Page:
|Nostalgia: an early play test of my rule set The Corsican Ogre.|
James Davies had the French and Paul 'Jacko' Jackson the Austrians.
From memory, the French columns managed to clear the ridge,
but it was a very near thing.
|Nostalgia: The Battle of Grosshuntersdorf - a disguised|
scenario based on a 7YW battle; Grossjagersdorf.
I did check a couple of other rule sets I knew to find how they effected the compromise between time and movement. The easiest available was a friend's copy of Age of Eagles, which uses a ground scale of 1 inch to 120 yards (1:4320), and a time scale of 1 turn to 30 minutes. Now, there is no formal relationship between this 30 minutes and any other (real) time. Are the actual movement rates based on one minute's real action? Two? Thirty seconds?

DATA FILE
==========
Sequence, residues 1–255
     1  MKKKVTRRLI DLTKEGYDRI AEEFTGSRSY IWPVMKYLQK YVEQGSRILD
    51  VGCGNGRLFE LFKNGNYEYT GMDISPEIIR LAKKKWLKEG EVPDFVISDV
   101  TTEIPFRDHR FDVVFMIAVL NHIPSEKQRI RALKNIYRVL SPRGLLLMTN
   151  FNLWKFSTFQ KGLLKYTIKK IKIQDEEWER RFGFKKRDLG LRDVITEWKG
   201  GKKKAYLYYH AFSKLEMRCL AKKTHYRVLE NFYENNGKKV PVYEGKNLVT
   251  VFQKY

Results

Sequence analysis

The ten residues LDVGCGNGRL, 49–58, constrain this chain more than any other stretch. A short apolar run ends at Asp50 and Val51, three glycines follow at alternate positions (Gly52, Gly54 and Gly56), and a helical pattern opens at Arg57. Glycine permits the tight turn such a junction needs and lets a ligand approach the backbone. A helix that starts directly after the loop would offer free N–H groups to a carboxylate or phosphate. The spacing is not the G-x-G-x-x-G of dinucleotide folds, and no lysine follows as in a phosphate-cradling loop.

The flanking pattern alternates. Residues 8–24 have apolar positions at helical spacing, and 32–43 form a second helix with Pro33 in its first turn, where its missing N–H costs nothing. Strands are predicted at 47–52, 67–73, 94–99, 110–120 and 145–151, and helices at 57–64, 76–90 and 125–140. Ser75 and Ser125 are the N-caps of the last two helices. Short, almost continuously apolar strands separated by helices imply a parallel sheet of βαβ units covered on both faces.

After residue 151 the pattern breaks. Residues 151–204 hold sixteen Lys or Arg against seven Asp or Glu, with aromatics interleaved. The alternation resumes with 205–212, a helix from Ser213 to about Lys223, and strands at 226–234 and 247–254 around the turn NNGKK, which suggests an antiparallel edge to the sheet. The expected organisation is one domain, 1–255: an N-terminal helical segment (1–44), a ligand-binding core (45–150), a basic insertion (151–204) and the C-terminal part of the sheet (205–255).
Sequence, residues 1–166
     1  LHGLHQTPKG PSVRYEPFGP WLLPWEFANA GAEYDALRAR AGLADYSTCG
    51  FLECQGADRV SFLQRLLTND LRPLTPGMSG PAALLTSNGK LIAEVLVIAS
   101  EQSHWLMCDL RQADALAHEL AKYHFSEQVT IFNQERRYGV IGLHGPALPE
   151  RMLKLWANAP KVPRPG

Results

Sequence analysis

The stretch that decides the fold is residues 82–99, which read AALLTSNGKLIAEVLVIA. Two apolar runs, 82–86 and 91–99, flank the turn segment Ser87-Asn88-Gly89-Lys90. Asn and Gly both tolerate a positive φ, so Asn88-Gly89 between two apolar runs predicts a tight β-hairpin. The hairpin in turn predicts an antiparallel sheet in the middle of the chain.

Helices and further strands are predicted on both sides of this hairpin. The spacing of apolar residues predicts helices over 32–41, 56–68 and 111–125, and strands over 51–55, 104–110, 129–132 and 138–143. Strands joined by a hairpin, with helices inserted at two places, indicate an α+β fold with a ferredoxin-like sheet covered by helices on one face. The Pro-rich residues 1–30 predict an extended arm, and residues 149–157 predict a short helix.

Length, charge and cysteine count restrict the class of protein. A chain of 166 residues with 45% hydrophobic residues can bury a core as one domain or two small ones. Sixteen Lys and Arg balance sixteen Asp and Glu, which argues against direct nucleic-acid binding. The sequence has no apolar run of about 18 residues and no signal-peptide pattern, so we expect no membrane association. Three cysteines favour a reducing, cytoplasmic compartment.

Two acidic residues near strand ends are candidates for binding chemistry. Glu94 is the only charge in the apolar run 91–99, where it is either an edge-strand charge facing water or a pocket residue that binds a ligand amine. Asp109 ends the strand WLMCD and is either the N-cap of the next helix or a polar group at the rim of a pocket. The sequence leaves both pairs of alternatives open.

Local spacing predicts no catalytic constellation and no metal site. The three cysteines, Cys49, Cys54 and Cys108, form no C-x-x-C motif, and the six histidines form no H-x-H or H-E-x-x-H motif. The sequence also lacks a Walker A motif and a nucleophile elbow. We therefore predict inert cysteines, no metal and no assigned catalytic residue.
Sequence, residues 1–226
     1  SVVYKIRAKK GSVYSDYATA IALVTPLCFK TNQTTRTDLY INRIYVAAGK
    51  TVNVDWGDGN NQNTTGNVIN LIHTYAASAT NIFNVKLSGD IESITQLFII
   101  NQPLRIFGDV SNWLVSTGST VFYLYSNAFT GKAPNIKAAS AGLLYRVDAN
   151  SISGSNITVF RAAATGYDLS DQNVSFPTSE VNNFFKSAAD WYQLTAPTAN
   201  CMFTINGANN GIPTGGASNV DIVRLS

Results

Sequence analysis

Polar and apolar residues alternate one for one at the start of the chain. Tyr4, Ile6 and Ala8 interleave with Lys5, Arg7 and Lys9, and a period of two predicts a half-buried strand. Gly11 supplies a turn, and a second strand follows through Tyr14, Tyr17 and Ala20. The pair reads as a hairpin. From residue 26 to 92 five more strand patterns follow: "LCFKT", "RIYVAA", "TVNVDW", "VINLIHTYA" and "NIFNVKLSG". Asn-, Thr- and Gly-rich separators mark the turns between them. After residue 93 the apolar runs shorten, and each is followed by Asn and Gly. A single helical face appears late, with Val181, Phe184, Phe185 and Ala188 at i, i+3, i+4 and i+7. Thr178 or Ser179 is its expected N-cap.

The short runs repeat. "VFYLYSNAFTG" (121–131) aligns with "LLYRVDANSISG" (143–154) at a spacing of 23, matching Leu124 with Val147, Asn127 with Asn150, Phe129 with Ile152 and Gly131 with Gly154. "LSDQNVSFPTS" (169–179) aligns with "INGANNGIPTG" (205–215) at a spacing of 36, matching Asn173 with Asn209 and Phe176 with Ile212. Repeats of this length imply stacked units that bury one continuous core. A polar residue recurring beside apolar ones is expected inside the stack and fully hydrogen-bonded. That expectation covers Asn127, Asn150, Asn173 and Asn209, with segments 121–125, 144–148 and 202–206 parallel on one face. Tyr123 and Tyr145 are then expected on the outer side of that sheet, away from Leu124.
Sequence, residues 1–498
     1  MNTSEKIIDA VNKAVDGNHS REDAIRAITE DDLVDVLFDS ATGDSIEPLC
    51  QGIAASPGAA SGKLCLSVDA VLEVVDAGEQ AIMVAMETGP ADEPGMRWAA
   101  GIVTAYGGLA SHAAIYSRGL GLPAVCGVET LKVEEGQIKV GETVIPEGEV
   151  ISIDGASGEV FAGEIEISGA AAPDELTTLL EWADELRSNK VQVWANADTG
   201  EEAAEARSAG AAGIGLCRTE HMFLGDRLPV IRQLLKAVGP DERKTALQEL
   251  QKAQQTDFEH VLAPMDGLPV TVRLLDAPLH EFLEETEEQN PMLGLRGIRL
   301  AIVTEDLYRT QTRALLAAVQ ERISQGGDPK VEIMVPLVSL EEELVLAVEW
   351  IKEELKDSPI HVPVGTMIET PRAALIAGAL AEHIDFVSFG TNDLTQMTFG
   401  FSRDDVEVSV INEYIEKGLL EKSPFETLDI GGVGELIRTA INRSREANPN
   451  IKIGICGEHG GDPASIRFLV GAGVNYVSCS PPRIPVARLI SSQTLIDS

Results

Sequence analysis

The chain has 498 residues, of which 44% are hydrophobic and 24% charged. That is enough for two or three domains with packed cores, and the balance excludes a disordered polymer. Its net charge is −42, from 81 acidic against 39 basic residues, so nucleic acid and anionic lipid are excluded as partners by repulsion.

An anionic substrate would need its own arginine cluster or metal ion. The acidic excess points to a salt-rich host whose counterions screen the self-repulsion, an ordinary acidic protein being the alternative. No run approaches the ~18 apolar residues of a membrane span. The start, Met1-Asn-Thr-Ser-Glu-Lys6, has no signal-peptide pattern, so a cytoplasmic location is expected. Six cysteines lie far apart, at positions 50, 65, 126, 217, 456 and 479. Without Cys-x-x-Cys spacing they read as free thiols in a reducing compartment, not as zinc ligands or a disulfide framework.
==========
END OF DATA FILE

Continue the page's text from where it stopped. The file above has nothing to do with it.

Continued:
|Austrians guarding a river crossing - #10 'Breakout' from|
C.S. Grant's Scenarios for Wargames, a.k.a. the Green Book.
Austrian figures are Warrior and I think Hinton Hunt.
If the time scale were 1:60, the 'standard' move rate would be 4 inch (rounded);
If the time scale were 1:30, the 'standard' move would be 5.5 inch (rounded);
If the time scale were 1:15, the 'standard' move rate would be 8 inch (rounded).
|Overall picture of the 'Breakout' action. This was played between|
myself as the Austrians, and Paul 'Jacko' Jackson about 7 years ago.
'French' figures are either Front Rank or Old Glory. The table
is 6ft by 4ft.
|'Breakout', from behind the French allies (Westphalians)|
attempting to force the crossing. The Austrian commander